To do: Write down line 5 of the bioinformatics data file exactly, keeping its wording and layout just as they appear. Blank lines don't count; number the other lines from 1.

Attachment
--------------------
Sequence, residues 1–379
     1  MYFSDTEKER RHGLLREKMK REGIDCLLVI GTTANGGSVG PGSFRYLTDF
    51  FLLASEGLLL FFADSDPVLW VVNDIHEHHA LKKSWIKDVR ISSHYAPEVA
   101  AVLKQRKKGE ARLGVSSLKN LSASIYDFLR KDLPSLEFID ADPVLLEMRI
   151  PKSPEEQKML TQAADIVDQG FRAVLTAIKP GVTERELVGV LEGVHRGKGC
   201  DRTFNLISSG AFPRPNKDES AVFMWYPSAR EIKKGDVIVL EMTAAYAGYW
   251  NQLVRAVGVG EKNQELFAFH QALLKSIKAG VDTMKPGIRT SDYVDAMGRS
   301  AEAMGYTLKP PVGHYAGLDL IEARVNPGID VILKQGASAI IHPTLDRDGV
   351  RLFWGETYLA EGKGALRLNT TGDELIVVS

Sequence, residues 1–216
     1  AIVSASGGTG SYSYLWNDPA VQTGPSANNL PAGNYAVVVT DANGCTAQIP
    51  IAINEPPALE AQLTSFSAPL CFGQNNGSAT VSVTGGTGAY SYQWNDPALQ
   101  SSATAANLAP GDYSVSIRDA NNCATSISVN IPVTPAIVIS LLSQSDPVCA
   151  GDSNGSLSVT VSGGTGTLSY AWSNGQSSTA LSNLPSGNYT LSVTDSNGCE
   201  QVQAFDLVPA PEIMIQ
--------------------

   151  PKSPEEQKML TQAADIVDQG FRAVLTAIKP GVTERELVGV LEGVHRGKGC